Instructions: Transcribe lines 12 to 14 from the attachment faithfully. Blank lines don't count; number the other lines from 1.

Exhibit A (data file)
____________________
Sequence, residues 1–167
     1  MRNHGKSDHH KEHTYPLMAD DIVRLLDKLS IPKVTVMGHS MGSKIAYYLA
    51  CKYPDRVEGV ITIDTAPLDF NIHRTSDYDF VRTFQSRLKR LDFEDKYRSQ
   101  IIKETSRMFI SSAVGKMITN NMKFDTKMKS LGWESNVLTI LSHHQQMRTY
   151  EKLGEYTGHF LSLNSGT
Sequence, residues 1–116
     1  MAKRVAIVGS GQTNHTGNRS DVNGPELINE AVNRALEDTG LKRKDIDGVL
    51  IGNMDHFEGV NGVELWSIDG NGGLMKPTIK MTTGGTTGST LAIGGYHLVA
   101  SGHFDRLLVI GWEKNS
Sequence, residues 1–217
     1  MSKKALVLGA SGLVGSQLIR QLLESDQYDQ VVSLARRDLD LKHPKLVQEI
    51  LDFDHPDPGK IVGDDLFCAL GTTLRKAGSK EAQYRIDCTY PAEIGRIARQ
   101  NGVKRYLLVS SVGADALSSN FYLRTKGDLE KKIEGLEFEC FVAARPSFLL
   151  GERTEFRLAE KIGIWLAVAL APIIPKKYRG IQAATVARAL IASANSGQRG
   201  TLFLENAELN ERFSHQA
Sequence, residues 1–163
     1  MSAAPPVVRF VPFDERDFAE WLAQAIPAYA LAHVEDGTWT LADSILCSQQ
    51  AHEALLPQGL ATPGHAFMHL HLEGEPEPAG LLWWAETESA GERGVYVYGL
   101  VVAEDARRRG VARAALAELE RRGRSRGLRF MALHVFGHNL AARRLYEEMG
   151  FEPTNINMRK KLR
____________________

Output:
    51  LDFDHPDPGK IVGDDLFCAL GTTLRKAGSK EAQYRIDCTY PAEIGRIARQ
   101  NGVKRYLLVS SVGADALSSN FYLRTKGDLE KKIEGLEFEC FVAARPSFLL
   151  GERTEFRLAE KIGIWLAVAL APIIPKKYRG IQAATVARAL IASANSGQRG